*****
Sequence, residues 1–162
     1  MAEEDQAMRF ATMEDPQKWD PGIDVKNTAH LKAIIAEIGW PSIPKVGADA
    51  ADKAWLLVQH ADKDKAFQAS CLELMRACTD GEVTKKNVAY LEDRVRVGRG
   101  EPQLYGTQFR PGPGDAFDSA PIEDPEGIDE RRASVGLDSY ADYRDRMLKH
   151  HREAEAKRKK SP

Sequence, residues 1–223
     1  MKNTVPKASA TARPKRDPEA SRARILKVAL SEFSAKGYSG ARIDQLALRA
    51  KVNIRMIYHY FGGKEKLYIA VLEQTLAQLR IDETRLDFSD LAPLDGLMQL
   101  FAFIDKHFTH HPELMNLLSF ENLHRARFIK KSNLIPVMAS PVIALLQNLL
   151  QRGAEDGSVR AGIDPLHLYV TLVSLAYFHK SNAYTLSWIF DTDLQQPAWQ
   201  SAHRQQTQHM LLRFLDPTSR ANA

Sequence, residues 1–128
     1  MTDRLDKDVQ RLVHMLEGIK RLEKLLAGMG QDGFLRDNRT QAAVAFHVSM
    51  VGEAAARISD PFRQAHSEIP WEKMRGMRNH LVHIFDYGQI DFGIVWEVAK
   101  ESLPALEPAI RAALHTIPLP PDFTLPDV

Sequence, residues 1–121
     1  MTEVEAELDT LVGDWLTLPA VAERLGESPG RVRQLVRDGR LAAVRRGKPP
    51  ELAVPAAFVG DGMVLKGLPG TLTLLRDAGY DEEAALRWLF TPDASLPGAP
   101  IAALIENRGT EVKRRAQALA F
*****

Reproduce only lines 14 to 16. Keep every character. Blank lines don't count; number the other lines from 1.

    51  VGEAAARISD PFRQAHSEIP WEKMRGMRNH LVHIFDYGQI DFGIVWEVAK
   101  ESLPALEPAI RAALHTIPLP PDFTLPDV

Sequence, residues 1–121